By Stefan Szczelkun, 28 November 2002

The setting is the Beaufoy Institute on Black Prince Road in Vauxhall, South London. A product of nineteenth century philanthropy, intended for the edification of local ‘scumbags’, it has fallen into disuse and disrepair and is now a focus of what is euphemistically called regeneration. Once again it is the scene of a cultural class war: this time between local residents and nearby Art organisations. The residents want it, for example, to develop the hip-hop skills of local youth, whilst the Art institutions want something more upmarket. The Art entrepreneurs are cheered on by shady developers and their pet bureaucrats – they want Art to make their shit look pretty.

In between was the artist Anna Best – offered the crumbling Beaufoy edifice, plus the services of the London Philharmonic Orchestra (who would also like to use the old institute as a rehearsal room), plus a bucket of cash, to make some Art. The tradition of the symphony orchestras still serve to promote an aesthetic model of the harmonic togetherness of the working ensemble – which stands in for labour relations in general. Mix that with the Beaufoy’s love of mankind – education as a thin veil over galloping social control – and you have the historic elements of the game.

What Best did was dismantle the orchestral image of fake togetherness and put each broken piece into a local person’s home. Each member of the London Philharmonic was filmed playing his/her part of a well-known Mozart Serenade, in a domestic setting (chosen because the residents have ‘phil’ somewhere in their name). This can be taken as either hinting at how local community is fractured by the shenanigans of urban development and/or a symbolic dismantling of the Classics and returning the parts back to the folk, from whose stolen native tunes they were originally constructed.

There was something moving about the famous piece of great art being broken up and the bits handed out to almost random individuals. I visited two of these intense home recording sessions and was struck by the poignancy of the event (which was not captured on the videotaped recordings). The recordings showed the musicians alone, but in reality the often small living rooms were packed with other people: two camerawomen and their tripods, the orchestra manager, the home occupier and friends, and, on at least two occasions, a writer.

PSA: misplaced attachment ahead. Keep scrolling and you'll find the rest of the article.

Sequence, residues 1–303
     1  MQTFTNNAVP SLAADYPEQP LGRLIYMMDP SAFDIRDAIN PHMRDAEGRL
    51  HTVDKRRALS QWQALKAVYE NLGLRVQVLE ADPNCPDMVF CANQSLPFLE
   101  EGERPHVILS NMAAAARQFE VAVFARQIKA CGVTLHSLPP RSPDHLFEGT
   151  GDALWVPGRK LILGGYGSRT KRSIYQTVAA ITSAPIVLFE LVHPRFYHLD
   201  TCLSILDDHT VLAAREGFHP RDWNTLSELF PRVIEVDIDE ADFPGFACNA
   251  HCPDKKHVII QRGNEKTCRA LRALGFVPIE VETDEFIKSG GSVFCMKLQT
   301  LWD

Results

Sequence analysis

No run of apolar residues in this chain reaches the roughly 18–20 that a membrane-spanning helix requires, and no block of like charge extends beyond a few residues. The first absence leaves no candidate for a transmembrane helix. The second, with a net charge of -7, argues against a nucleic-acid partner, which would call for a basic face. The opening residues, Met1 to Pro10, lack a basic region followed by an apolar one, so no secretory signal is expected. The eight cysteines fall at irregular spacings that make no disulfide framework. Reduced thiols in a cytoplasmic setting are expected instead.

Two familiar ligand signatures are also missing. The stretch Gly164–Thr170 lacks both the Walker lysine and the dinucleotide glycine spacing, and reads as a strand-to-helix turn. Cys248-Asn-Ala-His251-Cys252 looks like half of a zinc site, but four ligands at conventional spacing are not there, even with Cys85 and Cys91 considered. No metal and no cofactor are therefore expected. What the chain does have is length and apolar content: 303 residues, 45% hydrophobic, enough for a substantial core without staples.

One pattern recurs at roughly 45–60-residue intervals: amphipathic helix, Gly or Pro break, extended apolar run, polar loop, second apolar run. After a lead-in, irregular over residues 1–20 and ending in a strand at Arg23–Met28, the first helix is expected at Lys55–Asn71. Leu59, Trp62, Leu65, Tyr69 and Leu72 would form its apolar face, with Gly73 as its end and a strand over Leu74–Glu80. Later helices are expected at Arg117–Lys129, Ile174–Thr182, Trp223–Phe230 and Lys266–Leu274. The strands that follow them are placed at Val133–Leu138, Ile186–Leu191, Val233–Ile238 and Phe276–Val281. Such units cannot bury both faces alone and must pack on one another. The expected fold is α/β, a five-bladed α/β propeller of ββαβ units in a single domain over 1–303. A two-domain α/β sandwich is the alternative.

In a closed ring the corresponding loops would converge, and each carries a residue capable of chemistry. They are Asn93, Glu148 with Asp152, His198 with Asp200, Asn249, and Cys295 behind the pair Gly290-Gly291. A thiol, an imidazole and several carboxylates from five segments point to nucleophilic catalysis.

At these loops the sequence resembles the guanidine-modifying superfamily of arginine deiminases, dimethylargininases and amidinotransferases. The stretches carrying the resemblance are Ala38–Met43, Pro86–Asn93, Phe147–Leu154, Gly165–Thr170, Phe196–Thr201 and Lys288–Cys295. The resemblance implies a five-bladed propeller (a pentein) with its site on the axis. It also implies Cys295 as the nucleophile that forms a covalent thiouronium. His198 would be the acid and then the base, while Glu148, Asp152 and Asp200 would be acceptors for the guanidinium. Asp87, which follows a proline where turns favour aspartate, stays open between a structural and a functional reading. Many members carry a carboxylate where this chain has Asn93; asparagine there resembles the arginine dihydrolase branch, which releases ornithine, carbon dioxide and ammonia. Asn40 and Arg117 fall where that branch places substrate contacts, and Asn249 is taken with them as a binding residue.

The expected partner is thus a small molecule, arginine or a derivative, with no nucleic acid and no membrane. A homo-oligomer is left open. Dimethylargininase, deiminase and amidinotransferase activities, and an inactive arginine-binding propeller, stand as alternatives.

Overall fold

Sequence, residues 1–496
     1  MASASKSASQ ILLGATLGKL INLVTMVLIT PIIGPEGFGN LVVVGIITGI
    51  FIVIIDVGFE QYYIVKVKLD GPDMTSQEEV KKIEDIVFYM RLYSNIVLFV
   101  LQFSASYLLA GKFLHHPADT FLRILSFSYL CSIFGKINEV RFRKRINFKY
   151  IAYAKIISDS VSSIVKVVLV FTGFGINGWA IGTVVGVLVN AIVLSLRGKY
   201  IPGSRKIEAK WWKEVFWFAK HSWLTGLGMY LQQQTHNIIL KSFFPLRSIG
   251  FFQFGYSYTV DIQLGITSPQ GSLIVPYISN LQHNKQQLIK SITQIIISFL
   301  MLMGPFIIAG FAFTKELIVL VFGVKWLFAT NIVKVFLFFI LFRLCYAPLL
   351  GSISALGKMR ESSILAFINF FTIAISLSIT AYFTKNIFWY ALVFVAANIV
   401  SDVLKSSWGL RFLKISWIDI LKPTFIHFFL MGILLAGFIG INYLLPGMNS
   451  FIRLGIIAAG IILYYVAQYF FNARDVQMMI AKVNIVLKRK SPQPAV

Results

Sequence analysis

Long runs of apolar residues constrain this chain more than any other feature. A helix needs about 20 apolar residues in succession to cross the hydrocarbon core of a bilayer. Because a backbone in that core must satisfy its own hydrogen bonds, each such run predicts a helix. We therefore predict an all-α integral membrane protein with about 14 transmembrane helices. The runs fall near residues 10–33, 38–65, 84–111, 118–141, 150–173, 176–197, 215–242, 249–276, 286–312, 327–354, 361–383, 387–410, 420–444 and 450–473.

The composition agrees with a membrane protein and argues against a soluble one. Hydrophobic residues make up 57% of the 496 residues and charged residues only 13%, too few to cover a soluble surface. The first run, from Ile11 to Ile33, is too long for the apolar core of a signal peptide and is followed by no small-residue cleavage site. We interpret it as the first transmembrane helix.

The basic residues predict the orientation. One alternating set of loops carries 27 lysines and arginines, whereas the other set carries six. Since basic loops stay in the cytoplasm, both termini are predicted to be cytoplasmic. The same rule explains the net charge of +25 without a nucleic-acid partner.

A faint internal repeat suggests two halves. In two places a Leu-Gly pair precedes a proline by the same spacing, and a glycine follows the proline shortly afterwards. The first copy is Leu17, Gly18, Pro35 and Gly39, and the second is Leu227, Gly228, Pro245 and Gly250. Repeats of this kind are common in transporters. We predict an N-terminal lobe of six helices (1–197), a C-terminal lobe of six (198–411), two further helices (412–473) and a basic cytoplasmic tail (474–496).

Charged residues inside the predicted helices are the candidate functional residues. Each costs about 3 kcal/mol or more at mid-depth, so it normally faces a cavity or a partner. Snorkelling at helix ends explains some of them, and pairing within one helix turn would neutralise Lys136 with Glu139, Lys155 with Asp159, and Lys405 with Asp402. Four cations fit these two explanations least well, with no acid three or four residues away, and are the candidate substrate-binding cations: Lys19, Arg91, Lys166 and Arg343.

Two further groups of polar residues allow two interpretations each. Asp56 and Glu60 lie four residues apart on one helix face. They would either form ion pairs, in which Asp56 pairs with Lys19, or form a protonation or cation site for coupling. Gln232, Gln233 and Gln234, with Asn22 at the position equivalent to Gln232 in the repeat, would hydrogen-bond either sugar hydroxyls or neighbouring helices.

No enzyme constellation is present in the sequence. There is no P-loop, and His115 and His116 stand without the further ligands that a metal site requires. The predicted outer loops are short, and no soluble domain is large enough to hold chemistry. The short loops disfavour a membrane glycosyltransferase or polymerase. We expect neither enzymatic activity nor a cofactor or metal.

These sessions were then reassembled, each part playing on a separate domestic-sized television set, before an art crowd gathered at the Beaufoy. The technical challenge of synchronisation was something that Best had studiously decided to avoid. This was a key aesthetic decision and the 15 parts played variously unsynchronised with each other (I estimated an approximate average four second variance). The structure of the serenade was not entirely lost – pauses, pianissimo and crescendo were all still evident – but the tunes were mashed. Phrases stood out for no apparent reason, before being submerged again in the sinuous tumult. The audience sat as if on the pavement in front of a shop window in some dystopia of digital choice.

The audio effect reminded me of the Portsmouth Sinfonia of the ’70s which a mixture of skilled and unskilled players had a spirited attempt at playing the ‘best bits’ of popular classics like Beethoven’s 5th. They had even had a ‘hit’ single in 1982 entitled ‘Classical Muddly’. Apparently this was a spoof of the Royal Philharmonic’s desperate attempt to reach out to the masses with ‘Hooked on Classics’. The difference with PHIL was that the same disconcerting effect was achieved with a fully professional cast!

As an experiment with musical form PHIL was daring. Its presentation as an ‘orchestra of televisions’ was visually both familiar and strange. But for me this piece worked more profoundly through the way it embedded its creative process within the locality. Those 15 uniquely odd recording sessions will never be forgotten by the ‘phils’ who hosted them, and their friends. And in this way PHIL escapes the heavy gilded frame of ‘Art’ and ‘Regeneration’ and takes a special place in the communicative ether.

Anna Best // PHIL // Beaufoy Institute, Vauxhall, South London // 27 July 2002 // []

Stefan Szczelkun <szczels AT> is an artist and writer living in London